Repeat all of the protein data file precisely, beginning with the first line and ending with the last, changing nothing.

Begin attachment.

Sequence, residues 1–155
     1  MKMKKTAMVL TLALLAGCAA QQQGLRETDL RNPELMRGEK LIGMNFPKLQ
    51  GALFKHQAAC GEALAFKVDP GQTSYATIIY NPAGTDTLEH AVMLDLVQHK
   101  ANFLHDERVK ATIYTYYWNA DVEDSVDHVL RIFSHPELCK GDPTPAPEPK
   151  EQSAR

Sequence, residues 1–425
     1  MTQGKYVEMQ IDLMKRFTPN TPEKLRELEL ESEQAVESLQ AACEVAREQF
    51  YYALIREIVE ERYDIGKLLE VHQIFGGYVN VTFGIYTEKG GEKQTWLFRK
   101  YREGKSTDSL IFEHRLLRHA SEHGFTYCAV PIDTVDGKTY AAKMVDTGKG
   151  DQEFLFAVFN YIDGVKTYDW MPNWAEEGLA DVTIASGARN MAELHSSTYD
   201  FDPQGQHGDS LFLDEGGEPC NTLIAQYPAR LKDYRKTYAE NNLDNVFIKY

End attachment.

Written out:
Sequence, residues 1–155
     1  MKMKKTAMVL TLALLAGCAA QQQGLRETDL RNPELMRGEK LIGMNFPKLQ
    51  GALFKHQAAC GEALAFKVDP GQTSYATIIY NPAGTDTLEH AVMLDLVQHK
   101  ANFLHDERVK ATIYTYYWNA DVEDSVDHVL RIFSHPELCK GDPTPAPEPK
   151  EQSAR

Sequence, residues 1–425
     1  MTQGKYVEMQ IDLMKRFTPN TPEKLRELEL ESEQAVESLQ AACEVAREQF
    51  YYALIREIVE ERYDIGKLLE VHQIFGGYVN VTFGIYTEKG GEKQTWLFRK
   101  YREGKSTDSL IFEHRLLRHA SEHGFTYCAV PIDTVDGKTY AAKMVDTGKG
   151  DQEFLFAVFN YIDGVKTYDW MPNWAEEGLA DVTIASGARN MAELHSSTYD
   201  FDPQGQHGDS LFLDEGGEPC NTLIAQYPAR LKDYRKTYAE NNLDNVFIKY